Racing: Owners seek a quiet revolution: A sounding of the people who pay the bills detects apathy instead of an urge to force improvement through boycotts

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The Independent Online
IT IS not easy to summon sympathy for the complaints of those privileged enough to be racehorse owners, and the results of a survey to be published today suggest that it is a minority, albeit a voluble one that are doing the complaining.

Some might claim that the 73 per cent of respondents who said they would support some sort of boycott of the sport was the significant statistic to emerge from the survey which was sent to 3,900 members of the Racehorse Owners Association. The fact that only 13.8 per cent bothered to return the questionnaire seems far more revealing.

'I was a bit surprised by the numbers who took part,' John Biggs, director general of the ROA, said yesterday. 'I think 13.8 per cent is quite good for a survey, but since we were asking about what concerned owners most, it was disappointing.'

So the prospect of a picket of cashmere-coated owners shouting scab at their less militant brethren at the Ascot gates has receded.

'We will not be seeking a mandate from members for a boycott,' Biggs said. 'There are other avenues to pursue.

'The object of the survey was for information gathering to see what are owners' major concerns and to what extent they will take action in support of change.'

The range of possibilities for militant action extended from boycotting a single meeting to a full month's programme. Most favoured a boycott of sporadic full days at all meetings but there was some support for a boycott of bloodstock sales for a year.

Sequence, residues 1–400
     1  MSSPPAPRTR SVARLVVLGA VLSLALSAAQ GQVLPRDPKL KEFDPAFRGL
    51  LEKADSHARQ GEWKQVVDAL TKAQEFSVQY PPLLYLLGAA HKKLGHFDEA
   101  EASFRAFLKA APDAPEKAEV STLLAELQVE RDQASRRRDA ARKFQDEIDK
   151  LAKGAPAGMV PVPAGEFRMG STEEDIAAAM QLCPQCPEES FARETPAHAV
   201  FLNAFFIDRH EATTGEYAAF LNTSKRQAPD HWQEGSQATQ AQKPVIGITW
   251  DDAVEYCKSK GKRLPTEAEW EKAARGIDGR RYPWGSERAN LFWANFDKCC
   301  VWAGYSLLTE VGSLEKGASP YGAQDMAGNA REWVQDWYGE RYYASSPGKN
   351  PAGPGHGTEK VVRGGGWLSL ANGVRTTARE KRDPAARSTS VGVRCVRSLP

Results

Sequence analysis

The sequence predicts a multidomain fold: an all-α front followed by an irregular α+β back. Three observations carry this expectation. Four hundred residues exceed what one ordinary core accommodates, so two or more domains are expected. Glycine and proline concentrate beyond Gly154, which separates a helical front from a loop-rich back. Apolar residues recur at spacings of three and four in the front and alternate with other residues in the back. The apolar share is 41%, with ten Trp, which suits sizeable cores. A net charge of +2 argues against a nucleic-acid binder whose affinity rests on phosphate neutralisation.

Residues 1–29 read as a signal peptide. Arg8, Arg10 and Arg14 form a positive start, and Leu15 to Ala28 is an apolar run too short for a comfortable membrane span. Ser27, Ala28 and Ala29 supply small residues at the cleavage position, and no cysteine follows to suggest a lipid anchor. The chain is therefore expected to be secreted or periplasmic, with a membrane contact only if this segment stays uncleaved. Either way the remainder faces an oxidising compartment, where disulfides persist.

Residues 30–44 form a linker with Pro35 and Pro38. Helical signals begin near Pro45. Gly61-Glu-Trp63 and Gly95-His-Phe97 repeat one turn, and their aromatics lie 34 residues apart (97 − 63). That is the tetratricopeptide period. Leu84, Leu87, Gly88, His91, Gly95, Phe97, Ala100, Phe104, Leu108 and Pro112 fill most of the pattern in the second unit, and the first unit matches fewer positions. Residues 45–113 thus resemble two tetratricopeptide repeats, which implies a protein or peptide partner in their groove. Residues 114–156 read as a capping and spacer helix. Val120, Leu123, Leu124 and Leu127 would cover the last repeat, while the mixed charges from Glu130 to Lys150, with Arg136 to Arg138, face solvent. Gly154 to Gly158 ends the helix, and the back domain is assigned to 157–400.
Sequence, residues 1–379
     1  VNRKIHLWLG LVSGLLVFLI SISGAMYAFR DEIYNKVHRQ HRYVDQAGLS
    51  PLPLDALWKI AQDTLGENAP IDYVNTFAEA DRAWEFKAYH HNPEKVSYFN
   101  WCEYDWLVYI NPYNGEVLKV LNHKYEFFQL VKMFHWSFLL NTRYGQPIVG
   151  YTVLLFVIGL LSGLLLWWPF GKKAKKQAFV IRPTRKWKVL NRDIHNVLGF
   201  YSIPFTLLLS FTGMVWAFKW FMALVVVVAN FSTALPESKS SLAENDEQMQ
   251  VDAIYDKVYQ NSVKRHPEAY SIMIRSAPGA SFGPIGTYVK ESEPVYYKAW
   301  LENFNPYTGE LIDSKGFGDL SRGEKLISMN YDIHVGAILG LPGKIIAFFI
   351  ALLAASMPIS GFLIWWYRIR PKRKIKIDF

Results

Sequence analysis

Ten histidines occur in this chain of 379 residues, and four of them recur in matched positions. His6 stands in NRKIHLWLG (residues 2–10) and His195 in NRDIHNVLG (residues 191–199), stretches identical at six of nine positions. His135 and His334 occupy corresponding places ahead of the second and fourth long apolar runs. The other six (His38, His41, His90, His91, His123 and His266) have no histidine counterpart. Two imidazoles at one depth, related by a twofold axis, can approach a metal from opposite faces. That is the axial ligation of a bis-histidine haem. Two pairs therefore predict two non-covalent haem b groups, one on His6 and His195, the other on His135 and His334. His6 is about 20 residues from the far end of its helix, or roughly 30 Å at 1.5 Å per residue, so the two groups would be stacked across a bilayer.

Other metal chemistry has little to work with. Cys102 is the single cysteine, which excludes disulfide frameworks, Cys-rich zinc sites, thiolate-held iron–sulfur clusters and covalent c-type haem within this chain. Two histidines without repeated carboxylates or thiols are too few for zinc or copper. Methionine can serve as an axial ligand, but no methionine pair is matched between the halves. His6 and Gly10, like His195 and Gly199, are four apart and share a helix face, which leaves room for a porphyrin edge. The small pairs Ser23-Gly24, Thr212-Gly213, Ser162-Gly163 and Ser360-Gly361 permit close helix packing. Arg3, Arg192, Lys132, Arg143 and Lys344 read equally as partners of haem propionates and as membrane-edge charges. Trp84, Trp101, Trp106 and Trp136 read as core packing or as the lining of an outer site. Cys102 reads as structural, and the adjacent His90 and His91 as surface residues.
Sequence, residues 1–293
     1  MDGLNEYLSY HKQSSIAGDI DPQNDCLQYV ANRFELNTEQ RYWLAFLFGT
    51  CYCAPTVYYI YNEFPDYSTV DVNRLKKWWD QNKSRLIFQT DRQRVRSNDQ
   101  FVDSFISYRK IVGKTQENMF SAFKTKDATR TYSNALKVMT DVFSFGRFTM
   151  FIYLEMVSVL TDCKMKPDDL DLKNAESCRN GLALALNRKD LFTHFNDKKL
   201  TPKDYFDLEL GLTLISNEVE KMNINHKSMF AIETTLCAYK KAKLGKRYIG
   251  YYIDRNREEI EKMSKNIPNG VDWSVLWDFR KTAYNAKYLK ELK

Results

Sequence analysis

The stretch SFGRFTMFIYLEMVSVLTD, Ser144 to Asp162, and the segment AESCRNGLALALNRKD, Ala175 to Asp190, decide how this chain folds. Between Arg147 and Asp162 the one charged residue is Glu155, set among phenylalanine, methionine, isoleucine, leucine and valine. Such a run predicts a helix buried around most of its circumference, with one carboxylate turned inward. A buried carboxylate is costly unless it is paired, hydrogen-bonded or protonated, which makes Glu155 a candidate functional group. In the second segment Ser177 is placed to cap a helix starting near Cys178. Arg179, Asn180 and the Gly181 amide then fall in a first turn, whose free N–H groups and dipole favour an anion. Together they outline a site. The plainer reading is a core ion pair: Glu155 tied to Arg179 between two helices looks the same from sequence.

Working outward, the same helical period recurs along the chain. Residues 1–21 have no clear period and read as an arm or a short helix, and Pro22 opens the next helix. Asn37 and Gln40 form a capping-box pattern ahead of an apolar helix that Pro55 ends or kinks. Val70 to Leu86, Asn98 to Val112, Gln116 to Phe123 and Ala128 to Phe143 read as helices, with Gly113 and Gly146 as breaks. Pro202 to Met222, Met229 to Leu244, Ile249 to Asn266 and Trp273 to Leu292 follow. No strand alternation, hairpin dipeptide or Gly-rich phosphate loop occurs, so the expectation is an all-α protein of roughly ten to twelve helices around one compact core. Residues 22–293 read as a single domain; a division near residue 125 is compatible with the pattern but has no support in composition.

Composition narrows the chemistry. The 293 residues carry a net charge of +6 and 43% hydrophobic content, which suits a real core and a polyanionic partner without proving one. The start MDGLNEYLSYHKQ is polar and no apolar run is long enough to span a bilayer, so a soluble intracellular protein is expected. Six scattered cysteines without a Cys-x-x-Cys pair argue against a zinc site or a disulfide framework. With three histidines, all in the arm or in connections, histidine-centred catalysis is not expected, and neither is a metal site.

Unsurprisingly, the respondents listed prize-money, particularly in lower-tier races, as the top priority. Racecourse facilities, including the attitude of gate staff, unsatisfactory parking, inadequate viewing areas, catering and admission charges, were also criticised.

'We are in constant contact with the racecourses over facilities. Some are very good already and others are beginning to turn things round,' Biggs said. 'Prize-money is a major worry but that is not in our gift. But one of the ways we can play a part is with entry fees and the British Horseracing Board is examining ways of reducing them.

'There were one or two complaints that I was not expecting, particularly the high level of remuneration earned by jockeys, especially the top ones.'

But not all the respondents were thinking of themselves. Among the 539 replies, 11 placed the welfare of horses or stable-staff as their top priority.

The BHB has revised next year's programme to increase the number of evenings with two fixtures to 54. It follows a review of data gathered on betting patterns which shows that Mondays, Wednesdays and Fridays are the most popular evenings with shop punters.

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